Hats, handkerchiefs and bonnets were frantically waved above the massed heads in the courtroom, and three tremendous cheers and a tiger told where the sympathies of the court and people were. Then a hundred pursed lips were advanced to kiss the liberated prisoner, and many a hand thrust out to give him a congratulatory shake--but presto! with a maniac's own quickness and a maniac's own fury the lunatic assassin of Richardson fell upon his friends with teeth and nails, boots and office furniture, and the amazing rapidity with which he broke heads and limbs, and rent and sundered bodies, till nearly a hundred citizens were reduced to mere quivering heaps of fleshy odds and ends and crimson rags, was like nothing in this world but the exultant frenzy of a plunging, tearing, roaring devil of a steam machine when it snatches a human being and spins him and whirls him till he shreds away to nothingness like a "Four o'clock" before the breath of a child.
The destruction was awful. It is said that within the space of eight minutes McFarland killed and crippled some six score persons and tore down a large portion of the City Hall building, carrying away and casting into Broadway six or seven marble columns fifty-four feet long and weighing nearly two tons each. But he was finally captured and sent in chains to the lunatic asylum for life.
(By late telegrams it appears that this is a mistake.--Editor Express.)
But the really curious part of this whole matter is yet to be told. And that is, that McFarland's most intimate friends believe that the very next time that it ever occurred to him that the insanity plea was not a mere politic pretense, was when the verdict came in. They think that the startling thought burst upon him then, that if twelve good and true men, able to comprehend all the baseness of perjury, proclaimed under oath that he was a lunatic, there was no gainsaying such evidence and that he UNQUESTIONABLY WAS INSANE!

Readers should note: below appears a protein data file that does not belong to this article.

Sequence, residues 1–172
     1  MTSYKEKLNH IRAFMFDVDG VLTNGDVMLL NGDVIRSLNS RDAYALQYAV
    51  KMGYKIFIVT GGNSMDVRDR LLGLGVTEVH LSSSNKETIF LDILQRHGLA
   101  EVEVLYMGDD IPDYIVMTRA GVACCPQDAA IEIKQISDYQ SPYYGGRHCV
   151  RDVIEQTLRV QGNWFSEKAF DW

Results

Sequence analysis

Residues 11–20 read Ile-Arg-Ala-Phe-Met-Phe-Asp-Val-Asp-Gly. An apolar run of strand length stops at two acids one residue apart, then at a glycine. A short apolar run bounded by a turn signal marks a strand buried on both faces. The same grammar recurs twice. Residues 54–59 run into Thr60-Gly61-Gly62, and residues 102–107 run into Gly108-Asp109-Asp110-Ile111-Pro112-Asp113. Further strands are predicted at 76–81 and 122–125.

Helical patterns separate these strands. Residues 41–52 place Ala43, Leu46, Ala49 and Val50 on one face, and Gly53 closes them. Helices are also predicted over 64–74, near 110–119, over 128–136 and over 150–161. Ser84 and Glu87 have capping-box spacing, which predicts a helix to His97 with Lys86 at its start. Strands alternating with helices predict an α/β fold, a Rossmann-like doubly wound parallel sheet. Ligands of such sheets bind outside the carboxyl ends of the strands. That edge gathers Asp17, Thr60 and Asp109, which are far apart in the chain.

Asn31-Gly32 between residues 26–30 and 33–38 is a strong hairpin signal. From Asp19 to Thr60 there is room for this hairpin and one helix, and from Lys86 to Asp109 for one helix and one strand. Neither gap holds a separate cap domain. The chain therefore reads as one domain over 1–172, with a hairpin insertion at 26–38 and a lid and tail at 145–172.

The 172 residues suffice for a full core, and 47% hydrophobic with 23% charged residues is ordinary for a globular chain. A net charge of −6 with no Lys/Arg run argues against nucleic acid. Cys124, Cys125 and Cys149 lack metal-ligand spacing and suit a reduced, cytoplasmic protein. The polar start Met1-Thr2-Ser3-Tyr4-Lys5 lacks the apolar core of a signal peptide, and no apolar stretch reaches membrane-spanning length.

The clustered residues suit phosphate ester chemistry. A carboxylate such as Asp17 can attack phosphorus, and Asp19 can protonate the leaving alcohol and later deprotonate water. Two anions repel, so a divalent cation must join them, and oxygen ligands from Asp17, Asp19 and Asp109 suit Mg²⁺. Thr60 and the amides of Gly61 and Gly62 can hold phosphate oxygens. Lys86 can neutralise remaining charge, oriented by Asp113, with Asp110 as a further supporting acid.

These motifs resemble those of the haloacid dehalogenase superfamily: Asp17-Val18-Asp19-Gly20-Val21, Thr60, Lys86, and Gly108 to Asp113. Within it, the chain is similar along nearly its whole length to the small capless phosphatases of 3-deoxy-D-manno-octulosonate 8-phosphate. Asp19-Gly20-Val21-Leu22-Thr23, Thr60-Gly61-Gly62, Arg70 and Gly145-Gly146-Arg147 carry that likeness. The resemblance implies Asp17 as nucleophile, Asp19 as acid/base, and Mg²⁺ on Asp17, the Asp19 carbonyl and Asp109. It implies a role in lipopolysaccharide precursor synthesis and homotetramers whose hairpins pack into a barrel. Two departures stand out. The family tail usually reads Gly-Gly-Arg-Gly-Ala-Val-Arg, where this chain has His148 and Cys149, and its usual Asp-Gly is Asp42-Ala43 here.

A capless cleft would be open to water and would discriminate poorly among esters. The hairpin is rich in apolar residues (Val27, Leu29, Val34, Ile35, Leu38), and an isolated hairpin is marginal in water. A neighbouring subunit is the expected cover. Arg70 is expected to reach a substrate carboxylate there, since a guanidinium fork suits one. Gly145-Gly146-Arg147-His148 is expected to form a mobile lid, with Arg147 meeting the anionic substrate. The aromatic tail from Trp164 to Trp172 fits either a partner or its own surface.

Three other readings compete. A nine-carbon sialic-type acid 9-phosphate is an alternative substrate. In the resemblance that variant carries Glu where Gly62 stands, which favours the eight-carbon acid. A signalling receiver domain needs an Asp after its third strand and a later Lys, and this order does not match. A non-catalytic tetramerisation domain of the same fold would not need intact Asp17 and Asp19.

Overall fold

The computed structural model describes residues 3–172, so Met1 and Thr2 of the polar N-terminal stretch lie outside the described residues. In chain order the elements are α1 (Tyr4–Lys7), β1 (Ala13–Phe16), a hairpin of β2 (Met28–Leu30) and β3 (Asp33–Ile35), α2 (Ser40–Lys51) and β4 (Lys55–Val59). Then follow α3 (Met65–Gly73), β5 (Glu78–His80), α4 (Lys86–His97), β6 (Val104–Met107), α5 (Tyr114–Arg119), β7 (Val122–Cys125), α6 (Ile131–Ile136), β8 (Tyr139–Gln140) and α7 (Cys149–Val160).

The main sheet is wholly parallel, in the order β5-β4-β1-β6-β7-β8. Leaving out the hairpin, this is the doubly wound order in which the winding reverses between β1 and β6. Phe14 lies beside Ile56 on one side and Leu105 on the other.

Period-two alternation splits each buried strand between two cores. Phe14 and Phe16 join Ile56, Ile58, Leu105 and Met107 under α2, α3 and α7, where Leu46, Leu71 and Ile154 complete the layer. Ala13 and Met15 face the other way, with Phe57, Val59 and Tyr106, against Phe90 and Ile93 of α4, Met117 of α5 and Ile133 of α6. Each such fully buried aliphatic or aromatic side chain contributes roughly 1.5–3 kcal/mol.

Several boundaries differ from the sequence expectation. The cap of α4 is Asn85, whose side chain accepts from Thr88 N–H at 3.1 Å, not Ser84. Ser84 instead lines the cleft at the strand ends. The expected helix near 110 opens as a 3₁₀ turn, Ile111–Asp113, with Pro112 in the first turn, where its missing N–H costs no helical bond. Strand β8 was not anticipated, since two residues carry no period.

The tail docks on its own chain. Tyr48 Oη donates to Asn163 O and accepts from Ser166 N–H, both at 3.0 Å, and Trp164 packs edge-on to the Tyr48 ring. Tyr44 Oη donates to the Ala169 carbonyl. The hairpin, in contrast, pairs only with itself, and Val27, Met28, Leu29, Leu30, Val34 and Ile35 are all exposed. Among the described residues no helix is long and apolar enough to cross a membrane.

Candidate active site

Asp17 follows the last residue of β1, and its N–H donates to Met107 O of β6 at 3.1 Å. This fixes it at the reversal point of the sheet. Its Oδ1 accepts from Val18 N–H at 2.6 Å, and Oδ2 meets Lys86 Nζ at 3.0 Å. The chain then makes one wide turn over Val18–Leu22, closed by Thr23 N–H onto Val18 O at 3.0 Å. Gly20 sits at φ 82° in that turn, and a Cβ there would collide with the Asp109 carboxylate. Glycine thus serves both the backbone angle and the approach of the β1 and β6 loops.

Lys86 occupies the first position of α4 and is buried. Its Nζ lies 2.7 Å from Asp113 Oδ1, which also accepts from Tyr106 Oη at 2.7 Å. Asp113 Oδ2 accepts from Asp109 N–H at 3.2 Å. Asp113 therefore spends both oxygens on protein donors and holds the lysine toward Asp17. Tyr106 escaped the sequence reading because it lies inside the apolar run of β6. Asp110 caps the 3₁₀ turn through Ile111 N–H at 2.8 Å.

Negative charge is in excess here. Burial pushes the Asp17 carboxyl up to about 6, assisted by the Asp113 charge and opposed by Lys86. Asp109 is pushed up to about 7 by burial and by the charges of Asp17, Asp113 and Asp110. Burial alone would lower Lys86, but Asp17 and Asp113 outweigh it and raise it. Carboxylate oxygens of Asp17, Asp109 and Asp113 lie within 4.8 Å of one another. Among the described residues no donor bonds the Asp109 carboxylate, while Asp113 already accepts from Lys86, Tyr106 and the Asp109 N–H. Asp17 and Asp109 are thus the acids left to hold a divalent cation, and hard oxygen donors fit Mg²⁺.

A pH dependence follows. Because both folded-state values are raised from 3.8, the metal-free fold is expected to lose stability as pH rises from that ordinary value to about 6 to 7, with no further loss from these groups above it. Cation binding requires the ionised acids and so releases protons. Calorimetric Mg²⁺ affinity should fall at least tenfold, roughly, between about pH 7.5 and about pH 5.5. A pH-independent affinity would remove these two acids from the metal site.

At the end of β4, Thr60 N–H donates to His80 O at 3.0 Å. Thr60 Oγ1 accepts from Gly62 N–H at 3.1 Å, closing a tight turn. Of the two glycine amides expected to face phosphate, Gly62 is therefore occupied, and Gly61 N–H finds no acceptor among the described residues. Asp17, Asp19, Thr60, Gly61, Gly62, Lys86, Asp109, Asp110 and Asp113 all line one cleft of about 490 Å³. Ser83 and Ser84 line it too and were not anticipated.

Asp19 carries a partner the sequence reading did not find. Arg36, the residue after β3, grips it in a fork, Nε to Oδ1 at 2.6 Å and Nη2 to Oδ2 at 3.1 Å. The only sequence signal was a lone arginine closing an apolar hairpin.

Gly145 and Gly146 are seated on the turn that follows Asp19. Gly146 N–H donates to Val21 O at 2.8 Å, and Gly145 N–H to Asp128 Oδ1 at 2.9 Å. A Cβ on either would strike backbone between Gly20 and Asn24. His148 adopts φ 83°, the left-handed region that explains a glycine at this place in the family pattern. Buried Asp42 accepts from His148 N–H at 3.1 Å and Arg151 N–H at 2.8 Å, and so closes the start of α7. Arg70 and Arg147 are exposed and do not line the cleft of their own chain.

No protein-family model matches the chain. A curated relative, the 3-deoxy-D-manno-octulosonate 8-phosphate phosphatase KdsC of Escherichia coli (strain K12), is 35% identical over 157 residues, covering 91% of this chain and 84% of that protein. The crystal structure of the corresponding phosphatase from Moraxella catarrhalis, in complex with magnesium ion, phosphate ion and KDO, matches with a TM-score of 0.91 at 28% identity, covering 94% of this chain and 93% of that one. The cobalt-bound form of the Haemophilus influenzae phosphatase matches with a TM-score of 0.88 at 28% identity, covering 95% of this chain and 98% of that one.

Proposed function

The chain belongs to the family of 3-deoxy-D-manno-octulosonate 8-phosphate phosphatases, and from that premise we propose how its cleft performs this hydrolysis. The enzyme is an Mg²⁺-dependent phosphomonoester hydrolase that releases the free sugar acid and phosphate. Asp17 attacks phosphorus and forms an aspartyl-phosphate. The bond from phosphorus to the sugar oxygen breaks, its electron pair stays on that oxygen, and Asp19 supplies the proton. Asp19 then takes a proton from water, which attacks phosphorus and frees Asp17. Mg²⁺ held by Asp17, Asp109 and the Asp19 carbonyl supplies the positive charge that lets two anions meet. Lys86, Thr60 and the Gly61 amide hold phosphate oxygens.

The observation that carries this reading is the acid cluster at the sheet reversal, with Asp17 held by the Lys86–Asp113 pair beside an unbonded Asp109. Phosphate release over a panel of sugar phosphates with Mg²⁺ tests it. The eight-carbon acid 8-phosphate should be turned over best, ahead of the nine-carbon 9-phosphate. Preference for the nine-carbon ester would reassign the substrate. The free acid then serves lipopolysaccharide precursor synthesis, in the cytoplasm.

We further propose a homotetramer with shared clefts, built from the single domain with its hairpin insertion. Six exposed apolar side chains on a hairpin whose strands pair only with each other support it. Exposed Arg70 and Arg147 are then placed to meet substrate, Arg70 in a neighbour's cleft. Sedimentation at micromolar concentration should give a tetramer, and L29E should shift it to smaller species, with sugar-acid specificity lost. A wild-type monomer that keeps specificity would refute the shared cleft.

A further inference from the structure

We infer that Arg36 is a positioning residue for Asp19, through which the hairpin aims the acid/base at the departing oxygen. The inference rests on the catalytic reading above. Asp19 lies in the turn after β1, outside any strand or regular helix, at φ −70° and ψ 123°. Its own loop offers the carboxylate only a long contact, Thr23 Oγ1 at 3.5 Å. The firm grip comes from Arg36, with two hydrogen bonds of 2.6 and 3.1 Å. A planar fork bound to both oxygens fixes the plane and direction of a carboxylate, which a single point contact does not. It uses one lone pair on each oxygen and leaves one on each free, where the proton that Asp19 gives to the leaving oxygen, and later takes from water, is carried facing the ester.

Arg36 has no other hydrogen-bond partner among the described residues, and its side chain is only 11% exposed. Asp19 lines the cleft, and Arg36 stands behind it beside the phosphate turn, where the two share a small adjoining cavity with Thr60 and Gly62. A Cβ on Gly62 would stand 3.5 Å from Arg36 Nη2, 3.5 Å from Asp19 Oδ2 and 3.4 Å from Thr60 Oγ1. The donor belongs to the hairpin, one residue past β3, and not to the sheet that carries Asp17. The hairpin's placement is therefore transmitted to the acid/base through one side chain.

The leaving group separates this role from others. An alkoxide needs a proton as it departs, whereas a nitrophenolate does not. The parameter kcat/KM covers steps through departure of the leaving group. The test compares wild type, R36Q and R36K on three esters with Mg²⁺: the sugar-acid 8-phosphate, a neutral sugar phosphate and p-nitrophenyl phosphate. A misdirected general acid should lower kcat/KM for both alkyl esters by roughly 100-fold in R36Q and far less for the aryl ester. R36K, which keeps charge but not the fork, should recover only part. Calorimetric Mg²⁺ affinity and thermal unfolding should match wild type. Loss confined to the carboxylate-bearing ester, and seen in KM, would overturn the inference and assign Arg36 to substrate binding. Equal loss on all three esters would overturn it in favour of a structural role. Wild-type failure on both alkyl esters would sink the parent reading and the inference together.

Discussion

Possibly that was really the way of it. It is dreadful to think that maybe the most awful calamity that can befall a man, namely, loss of reason, was precipitated upon this poor prisoner's head by a jury that could have hanged him instead, and so done him a mercy and his country a service.
May 11--I do not expect anybody to believe so astounding a thing, and yet it is the solemn truth that instead of instantly sending the dangerous lunatic to the insane asylum (which I naturally supposed they would do, and so I prematurely said they had) the court has actually SET HIM AT LIBERTY. Comment is unnecessary. M. T.
THE EUROPEAN WARS--[From the Buffalo Express, July 25, 1870.]
First Day THE EUROPEAN WAR!!!
NO BATTLE YET!!! HOSTILITIES IMMINENT!!! TREMENDOUS EXCITEMENT. AUSTRIA ARMING! BERLIN, Tuesday.
No battle has been fought yet. But hostilities may burst forth any week.
There is tremendous excitement here over news from the front that two companies of French soldiers are assembling there.
It is rumoured that Austria is arming--what with, is not known.
Second Day THE EUROPEAN WAR
NO BATTLE YET! FIGHTING IMMINENT. AWFUL EXCITEMENT. RUSSIA SIDES WITH PRUSSIA! ENGLAND NEUTRAL!! AUSTRIA NOT ARMING. BERLIN, Wednesday.
No battle has been fought yet. However, all thoughtful men feel that the land may be drenched with blood before the Summer is over.
There is an awful excitement here over the rumour that two companies of Prussian troops have concentrated on the border.